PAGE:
Plane With More Than 150 on Board Crash-Lands in Bolivia, but All Survive

A plane carrying more than 150 people crash-landed in a bog in eastern Bolivia on Friday after fierce storms turned it away from its destination and it tried to reach another airport hundreds of miles away, according to officials and news reports. All on board survived.

Photographs by local media showed the charter Boeing 727, flown by a local airline, in a flooded forest clearing, stripped of at least one wing. A set of landing gear was in the water nearby.

"We noticed the engines went out, and there was this calm," Paolo Bravo, a Bolivian senator who was on board, told the radio network Erbol.

"Then they told us, 'Crash positions! crash positions!' and it was just another two or three seconds before we hit," he said.

"I think you could call it a belly flop," Bravo added. "The plane fell, the wings broke off, but the fuselage was OK."

Storms forced the plane to turn away from its destination in the northern city of Cobija. It then headed some 370 miles south to the eastern lowland city of Trinidad and was three miles short of the runway when the pilot was forced to make an emergency landing.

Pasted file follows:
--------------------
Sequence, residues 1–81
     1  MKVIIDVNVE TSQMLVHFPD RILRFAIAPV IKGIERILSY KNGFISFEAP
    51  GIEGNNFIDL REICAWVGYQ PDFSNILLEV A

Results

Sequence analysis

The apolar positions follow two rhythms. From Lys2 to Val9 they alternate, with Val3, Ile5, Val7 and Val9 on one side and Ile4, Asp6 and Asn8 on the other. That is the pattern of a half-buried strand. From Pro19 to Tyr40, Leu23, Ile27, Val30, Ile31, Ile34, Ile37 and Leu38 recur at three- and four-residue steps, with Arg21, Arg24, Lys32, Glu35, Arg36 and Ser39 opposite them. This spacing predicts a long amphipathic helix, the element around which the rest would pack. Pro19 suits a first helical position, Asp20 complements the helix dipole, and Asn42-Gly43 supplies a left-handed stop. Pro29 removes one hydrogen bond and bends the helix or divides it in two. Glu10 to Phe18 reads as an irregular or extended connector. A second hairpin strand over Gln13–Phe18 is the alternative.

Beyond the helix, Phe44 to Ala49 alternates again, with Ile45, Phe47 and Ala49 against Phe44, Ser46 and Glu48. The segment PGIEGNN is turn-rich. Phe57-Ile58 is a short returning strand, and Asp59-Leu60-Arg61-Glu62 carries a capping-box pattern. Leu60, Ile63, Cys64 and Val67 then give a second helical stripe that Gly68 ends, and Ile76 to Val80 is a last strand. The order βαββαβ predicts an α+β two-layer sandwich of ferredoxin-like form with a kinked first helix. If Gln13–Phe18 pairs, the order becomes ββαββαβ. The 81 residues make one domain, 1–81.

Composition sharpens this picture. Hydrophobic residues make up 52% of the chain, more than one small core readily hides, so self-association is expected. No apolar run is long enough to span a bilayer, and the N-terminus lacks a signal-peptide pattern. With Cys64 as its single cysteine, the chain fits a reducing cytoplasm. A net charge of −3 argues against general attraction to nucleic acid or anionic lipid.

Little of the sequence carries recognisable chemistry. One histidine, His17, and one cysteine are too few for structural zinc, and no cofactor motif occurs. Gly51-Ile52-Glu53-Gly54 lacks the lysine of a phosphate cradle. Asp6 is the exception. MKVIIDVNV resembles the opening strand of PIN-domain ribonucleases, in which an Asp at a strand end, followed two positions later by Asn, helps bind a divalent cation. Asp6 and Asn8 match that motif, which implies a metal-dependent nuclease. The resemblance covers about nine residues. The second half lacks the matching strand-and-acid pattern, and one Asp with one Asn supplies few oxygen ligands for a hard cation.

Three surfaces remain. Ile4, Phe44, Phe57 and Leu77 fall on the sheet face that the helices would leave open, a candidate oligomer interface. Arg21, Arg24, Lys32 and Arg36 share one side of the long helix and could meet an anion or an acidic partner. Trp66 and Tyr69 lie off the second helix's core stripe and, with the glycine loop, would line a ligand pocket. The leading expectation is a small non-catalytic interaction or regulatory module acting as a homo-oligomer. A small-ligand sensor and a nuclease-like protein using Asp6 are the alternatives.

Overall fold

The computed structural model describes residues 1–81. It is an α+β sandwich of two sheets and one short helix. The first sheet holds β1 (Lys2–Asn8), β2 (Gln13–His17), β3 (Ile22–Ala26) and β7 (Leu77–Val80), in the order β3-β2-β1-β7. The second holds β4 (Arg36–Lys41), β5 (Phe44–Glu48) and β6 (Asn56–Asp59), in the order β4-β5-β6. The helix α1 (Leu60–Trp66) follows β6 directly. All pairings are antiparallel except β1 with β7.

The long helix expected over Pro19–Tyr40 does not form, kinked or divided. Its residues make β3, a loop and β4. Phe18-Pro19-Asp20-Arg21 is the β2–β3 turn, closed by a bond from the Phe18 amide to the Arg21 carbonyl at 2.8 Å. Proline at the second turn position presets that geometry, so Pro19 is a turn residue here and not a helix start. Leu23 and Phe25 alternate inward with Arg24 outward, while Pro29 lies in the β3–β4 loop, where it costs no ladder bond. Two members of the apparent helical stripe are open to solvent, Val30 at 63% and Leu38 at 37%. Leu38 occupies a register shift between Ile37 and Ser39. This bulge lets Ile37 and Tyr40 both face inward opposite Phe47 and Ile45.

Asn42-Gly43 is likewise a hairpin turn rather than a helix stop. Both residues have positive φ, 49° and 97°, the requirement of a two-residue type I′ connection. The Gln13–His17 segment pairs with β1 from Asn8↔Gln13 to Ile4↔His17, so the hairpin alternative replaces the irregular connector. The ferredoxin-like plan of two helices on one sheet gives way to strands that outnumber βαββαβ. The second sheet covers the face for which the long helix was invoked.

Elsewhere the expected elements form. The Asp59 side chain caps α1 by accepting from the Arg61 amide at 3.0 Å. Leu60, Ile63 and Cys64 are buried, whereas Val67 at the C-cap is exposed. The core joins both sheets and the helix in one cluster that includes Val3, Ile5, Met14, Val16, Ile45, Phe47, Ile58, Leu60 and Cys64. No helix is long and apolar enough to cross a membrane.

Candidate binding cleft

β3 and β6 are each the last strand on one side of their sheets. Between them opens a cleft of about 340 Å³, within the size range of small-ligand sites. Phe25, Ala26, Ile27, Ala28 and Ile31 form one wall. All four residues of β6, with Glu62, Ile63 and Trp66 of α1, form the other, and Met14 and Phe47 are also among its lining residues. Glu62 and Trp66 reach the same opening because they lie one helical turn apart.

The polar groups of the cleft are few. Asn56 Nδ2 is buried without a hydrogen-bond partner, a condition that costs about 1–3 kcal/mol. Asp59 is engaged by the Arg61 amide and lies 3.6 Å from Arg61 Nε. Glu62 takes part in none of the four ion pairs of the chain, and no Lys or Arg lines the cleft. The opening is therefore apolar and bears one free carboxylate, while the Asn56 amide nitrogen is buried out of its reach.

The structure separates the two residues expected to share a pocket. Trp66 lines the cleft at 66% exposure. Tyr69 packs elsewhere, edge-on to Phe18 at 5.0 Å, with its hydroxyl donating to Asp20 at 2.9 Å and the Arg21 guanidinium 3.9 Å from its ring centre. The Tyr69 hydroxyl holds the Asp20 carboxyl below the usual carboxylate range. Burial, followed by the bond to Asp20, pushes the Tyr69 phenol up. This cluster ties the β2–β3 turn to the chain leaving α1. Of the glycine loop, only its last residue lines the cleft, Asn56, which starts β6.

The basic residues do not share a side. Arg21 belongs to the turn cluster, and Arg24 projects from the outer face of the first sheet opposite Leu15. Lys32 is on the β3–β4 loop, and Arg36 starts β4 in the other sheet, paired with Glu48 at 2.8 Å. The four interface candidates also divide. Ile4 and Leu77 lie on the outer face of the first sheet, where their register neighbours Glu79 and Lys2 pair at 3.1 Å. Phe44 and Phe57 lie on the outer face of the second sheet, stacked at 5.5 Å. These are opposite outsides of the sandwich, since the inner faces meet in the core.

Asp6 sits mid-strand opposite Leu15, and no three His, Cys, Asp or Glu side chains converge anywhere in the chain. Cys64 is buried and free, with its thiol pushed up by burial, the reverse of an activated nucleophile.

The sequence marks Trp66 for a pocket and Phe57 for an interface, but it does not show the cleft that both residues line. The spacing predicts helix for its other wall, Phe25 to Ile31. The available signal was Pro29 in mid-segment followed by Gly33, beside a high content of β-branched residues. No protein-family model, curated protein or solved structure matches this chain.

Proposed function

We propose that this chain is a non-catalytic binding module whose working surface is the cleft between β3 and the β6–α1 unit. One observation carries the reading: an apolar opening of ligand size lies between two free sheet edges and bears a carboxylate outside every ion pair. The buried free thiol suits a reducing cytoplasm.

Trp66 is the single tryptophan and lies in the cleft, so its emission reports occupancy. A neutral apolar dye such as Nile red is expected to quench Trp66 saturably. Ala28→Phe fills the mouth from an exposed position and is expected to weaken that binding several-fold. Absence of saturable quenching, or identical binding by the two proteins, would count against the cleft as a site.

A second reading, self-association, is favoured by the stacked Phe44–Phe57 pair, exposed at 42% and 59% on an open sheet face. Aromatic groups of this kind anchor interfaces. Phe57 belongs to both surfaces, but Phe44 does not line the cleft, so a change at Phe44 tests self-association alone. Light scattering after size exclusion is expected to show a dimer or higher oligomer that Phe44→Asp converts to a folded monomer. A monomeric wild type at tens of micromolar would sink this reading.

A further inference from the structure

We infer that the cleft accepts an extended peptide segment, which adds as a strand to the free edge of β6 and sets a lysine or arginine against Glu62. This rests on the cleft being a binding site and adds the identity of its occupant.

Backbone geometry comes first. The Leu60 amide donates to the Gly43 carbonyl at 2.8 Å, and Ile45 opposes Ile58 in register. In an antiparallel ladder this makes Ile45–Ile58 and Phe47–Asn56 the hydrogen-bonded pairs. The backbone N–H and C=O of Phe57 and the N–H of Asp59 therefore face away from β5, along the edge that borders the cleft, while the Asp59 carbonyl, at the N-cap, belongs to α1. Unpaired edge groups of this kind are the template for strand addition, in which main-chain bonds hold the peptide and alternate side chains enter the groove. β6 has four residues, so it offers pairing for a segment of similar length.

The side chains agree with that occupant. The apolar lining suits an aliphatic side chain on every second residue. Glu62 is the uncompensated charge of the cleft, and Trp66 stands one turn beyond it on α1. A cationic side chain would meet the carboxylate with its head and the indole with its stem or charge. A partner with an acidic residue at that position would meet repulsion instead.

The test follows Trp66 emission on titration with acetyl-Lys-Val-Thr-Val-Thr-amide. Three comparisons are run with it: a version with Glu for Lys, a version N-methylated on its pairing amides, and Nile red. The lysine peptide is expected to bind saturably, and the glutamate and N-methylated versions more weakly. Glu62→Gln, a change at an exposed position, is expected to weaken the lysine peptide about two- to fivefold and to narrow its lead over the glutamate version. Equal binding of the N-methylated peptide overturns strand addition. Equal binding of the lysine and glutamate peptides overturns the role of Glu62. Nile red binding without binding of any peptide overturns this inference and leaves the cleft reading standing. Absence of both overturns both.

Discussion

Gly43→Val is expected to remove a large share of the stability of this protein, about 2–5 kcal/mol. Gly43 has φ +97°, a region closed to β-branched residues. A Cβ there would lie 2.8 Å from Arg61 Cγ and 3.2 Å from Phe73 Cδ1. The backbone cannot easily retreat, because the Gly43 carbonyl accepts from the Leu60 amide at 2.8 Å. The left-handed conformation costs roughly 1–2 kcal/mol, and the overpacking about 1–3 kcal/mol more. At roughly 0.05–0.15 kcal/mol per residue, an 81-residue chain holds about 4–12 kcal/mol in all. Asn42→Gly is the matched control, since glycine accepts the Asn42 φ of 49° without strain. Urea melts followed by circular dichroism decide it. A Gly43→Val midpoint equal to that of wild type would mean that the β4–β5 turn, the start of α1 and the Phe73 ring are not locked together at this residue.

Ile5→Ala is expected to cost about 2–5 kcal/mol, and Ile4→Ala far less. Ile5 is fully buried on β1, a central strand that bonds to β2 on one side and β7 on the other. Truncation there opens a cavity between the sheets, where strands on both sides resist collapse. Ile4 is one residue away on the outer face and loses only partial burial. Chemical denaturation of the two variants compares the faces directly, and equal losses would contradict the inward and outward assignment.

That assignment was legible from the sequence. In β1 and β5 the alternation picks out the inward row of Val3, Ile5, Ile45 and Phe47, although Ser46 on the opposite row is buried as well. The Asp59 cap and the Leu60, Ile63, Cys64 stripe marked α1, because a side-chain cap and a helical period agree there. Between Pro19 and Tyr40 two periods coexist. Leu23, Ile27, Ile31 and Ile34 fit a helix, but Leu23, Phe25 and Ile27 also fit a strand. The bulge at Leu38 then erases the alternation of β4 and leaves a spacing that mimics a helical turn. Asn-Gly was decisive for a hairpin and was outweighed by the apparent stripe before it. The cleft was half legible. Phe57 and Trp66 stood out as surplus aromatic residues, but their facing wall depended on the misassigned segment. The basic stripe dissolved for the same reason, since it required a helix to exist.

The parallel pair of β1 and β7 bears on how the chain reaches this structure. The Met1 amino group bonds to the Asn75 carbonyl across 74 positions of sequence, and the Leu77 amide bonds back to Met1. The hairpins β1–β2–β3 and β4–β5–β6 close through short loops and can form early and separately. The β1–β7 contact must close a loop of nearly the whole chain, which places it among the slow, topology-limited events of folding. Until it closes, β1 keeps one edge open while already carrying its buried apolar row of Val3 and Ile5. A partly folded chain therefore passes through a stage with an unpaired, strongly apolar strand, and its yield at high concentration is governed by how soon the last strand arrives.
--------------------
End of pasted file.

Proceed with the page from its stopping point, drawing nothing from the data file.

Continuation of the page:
"It was the decision of the pilot to make a forced landing," said airline spokesman Gustavo Viscarra, adding that the cause of the accident was under investigation.

The airline's manager in Trinidad, Patricia Aruz, said no one was killed. Most of the passengers were taken to nearby hospitals for review and several were injured, according to Juan Carlos Zambrano, a reporter on the scene for Radio Patuju.

Viscarra said the plane was carrying 155 passengers but gave no figures for the number of crew.

But Zambrano, citing the flight engineer, said the plane had only 154 seats but was carrying 159 passengers, along with nine crew members.

The airline, known as LAB, was privatized in 1996 and has been in and out of bankruptcy in recent years. It now runs a skeleton fleet of a handful of planes on a charter basis.

LAB was operating the Boeing 727 as a charter for Transporte Aereo Militar, another small Bolivian airline. TAM has chartered LAB flights to carry overflow passengers during a heavy Bolivian rainy season that has washed out roads throughout the country.